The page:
Bufumbira

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  • Country
  • Volcanic Region
  • Primary Volcano Type
  • Last Known Eruption
  • 1.23°S
  • 29.72°E

  • 2440 m
    8003 ft

  • 223070
  • Latitude
  • Longitude

  • Summit
    Elevation

  • Volcano
    Number

The Global Volcanism Program has no activity reports for Bufumbira.

The Global Volcanism Program has no Weekly Reports available for Bufumbira.

The Global Volcanism Program has no Bulletin Reports available for Bufumbira.

Basic Data

Volcano Number

Last Known Eruption

Elevation

Latitude
Longitude
223070

Unknown - Evidence Uncertain

2440 m / 8003 ft

1.23°S
29.72°E

Volcano Types

Pyroclastic cone(s)

Rock Types

Major
Phono-tephrite / Tephri-phonolite
Trachyandesite / Basaltic trachy-andesite
Trachybasalt / Tephrite Basanite
Trachyte / Trachyandesite
Foidite

Tectonic Setting

Rift zone
Continental crust (> 25 km)

Population

Within 5 km
Within 10 km
Within 30 km
Within 100 km
436,134
436,134
830,916
10,342,253

Geological Summary

The Bufumbira volcanic field in SW Uganda consists of a group of about 40 cinder cones lying north of the large stratovolcanoes of the NE part of the Virunga Mountains. The cinder cones occur in clusters and were erupted along lineaments. They are typically breached on one side by lava flows. Their age is not known precisely, but they are considered younger than the stratovolcanoes of the Virunga Range, some of which are Holocene in age. The Bufumbira rocks are noted for their unusual ultrapotassic chemistry.

References

The following references have all been used during the compilation of data for this volcano, it is not a comprehensive bibliography.

Ferguson A K, Cundari A, 1975. Petrological aspects and evolution of the leucite bearing lavas from Bufumbira, south west Uganda. Contr Mineral Petr, 50: 25-46.

IAVCEI, 1973-80. Post-Miocene Volcanoes of the World. IAVCEI Data Sheets, Rome: Internatl Assoc Volc Chemistry Earth's Interior..

Jack E M, 1913. The Bufumbiro Mountains. Geog Jour, 41: 532-550.

Simmons W C, 1930. Notes on the petrology of the Bufumbira volcanic rocks of Uganda. Geol Mag, 67: 491-499.

The Global Volcanism Program is not aware of any Holocene eruptions from Bufumbira. If this volcano has had large eruptions (VEI >= 4) prior to 10,000 years ago, information might be found on the Bufumbira page in the LaMEVE (Large Magnitude Explosive Volcanic Eruptions) database, a part of the Volcano Global Risk Identification and Analysis Project (VOGRIPA).

The Global Volcanism Program has no synonyms or subfeatures listed for Bufumbira.

Photo Gallery


Cinder cones of the Bufumbira volcanic field in SW Uganda (center) lie north of the large stratovolcanoes of the NE part of the Virunga Mountains. The roughly 40 cinder cones occur in clusters and were erupted along lineaments; they are typically breached on one side by lava flows. The Bufumbira rocks are noted for their unusual ultrapotassic chemistry. Muhavura (center) and Sabinyo (left) stratovolcanoes are visible at the bottom of this Landsat image.

NASA Landsat image, 1999 (courtesy of Hawaii Synergy Project, Univ. of Hawaii Institute of Geophysics & Planetology).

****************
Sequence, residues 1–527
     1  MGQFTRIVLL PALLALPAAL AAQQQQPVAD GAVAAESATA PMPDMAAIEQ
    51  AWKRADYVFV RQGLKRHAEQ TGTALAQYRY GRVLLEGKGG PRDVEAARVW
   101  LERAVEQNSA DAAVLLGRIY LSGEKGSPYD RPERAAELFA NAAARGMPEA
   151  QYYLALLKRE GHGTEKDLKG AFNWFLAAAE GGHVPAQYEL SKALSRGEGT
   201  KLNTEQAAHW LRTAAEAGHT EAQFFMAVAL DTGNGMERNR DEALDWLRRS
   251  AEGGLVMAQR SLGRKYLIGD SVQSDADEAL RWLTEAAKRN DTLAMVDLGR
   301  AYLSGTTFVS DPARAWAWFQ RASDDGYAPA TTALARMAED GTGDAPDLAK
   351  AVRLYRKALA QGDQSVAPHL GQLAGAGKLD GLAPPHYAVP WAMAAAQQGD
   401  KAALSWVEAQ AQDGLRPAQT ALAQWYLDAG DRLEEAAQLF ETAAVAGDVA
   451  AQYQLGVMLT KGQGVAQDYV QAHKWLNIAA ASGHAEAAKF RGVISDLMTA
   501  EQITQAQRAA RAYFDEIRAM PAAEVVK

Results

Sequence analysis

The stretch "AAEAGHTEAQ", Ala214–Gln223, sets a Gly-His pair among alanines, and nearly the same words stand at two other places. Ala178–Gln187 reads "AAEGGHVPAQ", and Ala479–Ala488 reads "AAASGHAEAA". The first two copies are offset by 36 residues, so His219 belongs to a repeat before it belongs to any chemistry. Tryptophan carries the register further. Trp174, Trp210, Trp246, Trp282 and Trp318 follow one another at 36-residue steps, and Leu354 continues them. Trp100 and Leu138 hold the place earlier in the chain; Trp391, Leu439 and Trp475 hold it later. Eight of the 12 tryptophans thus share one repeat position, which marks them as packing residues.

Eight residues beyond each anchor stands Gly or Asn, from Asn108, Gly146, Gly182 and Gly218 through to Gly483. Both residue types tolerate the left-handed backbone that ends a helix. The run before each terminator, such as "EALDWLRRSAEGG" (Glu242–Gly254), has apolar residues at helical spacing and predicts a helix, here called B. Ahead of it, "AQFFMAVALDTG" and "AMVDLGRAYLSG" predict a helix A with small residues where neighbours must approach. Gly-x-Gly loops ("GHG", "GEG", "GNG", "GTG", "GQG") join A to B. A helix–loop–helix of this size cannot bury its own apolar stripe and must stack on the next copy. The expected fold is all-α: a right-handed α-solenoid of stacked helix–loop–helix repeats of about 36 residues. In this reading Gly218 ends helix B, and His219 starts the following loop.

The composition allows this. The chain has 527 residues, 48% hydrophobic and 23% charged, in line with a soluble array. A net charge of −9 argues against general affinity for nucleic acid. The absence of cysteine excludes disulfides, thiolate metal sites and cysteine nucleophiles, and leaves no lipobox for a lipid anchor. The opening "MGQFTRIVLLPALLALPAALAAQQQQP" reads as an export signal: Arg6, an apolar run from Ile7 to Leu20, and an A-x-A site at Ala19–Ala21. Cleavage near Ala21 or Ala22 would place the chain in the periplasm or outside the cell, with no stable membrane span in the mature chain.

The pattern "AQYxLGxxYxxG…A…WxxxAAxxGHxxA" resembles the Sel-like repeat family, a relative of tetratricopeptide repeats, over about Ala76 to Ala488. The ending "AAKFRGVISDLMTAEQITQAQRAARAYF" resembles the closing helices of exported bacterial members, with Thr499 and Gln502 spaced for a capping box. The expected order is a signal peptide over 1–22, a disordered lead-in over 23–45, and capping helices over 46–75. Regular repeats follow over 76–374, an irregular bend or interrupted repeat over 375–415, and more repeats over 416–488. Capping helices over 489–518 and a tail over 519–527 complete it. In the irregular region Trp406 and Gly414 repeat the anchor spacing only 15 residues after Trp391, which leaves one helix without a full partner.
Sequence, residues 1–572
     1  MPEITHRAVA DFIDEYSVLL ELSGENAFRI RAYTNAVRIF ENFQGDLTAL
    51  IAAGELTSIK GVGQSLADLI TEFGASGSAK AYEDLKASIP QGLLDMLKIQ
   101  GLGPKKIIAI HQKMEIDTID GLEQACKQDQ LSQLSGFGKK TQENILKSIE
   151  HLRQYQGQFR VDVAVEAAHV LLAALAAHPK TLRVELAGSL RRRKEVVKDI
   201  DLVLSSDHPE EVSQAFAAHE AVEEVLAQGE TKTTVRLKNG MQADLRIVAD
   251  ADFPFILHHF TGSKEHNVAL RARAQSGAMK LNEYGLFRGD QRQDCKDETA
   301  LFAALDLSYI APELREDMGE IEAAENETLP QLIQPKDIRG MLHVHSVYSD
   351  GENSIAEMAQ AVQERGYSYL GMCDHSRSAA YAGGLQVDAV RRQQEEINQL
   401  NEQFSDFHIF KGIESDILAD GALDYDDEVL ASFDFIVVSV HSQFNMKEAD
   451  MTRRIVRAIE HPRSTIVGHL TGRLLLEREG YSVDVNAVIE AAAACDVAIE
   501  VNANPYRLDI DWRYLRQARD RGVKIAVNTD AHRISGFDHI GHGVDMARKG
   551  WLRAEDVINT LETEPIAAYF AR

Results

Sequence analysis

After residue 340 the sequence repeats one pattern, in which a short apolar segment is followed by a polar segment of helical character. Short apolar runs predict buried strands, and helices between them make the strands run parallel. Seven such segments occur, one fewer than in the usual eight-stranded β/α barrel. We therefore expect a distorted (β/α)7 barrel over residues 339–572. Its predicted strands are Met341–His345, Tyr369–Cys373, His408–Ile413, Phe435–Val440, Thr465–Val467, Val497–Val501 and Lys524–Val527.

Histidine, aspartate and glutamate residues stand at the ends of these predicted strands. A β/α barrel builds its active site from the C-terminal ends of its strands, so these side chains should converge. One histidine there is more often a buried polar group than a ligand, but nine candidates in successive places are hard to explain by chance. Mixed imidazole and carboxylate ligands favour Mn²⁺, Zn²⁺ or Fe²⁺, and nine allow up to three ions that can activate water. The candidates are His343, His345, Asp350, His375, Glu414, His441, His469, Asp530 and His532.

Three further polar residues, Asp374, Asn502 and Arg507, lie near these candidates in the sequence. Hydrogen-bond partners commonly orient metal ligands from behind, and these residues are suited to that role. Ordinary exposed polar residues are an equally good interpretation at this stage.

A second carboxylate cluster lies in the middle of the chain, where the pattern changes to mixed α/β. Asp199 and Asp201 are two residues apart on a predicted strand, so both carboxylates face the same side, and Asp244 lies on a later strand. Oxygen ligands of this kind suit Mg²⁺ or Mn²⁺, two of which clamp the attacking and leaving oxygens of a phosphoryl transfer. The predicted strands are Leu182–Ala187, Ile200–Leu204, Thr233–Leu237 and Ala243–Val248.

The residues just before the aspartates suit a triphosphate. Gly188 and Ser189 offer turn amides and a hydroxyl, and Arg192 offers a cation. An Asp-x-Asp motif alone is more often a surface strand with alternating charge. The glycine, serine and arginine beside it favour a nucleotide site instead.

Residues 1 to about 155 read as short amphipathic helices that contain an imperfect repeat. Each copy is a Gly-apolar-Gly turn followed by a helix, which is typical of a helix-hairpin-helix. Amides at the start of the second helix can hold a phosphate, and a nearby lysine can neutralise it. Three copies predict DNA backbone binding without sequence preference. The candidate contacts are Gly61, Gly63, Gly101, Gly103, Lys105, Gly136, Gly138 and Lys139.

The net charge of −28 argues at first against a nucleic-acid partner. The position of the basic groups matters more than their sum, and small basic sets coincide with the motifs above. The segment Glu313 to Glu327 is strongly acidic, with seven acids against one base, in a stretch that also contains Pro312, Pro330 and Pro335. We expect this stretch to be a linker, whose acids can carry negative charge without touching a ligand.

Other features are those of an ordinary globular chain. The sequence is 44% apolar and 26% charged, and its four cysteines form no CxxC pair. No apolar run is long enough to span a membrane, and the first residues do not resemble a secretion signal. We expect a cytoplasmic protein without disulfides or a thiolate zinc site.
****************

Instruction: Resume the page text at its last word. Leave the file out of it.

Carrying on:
Smithsonian Sample Collections Database


A listing of samples from the Smithsonian collections will be available soon.

Affiliated Sites

Large Eruptions of Bufumbira Information about large Quaternary eruptions (VEI >= 4) is cataloged in the Large Magnitude Explosive Volcanic Eruptions (LaMEVE) database of the Volcano Global Risk Identification and Analysis Project (VOGRIPA).
WOVOdat WOVOdat is a database of volcanic unrest; instrumentally and visually recorded changes in seismicity, ground deformation, gas emission, and other parameters from their normal baselines. It is sponsored by the World Organization of Volcano Observatories (WOVO) and presently hosted at the Earth Observatory of Singapore.
EarthChem EarthChem develops and maintains databases, software, and services that support the preservation, discovery, access and analysis of geochemical data, and facilitate their integration with the broad array of other available earth science parameters. EarthChem is operated by a joint team of disciplinary scientists, data scientists, data managers and information technology developers who are part of the NSF-funded data facility Integrated Earth Data Applications (IEDA). IEDA is a collaborative effort of EarthChem and the Marine Geoscience Data System (MGDS).
MODVOLC - HIGP MODIS Thermal Alert System Using infrared satellite Moderate Resolution Imaging Spectroradiometer (MODIS) data, scientists at the Hawai'i Institute of Geophysics and Planetology, University of Hawai'i, developed an automated system called MODVOLC to map thermal hot-spots in near real time. For each MODIS image, the algorithm automatically scans each 1 km pixel within it to check for high-temperature hot-spots. When one is found the date, time, location, and intensity are recorded. MODIS looks at every square km of the Earth every 48 hours, once during the day and once during the night, and the presence of two MODIS sensors in space allows at least four hot-spot observations every two days. Each day updated global maps are compiled to display the locations of all hot spots detected in the previous 24 hours. There is a drop-down list with volcano names which allow users to 'zoom-in' and examine the distribution of hot-spots at a variety of spatial scales.
MIROVA Middle InfraRed Observation of Volcanic Activity (MIROVA) is a near real time volcanic hot-spot detection system based on the analysis of MODIS (Moderate Resolution Imaging Spectroradiometer) data. In particular, MIROVA uses the Middle InfraRed Radiation (MIR), measured over target volcanoes, in order to detect, locate and measure the heat radiation sourced from volcanic activity.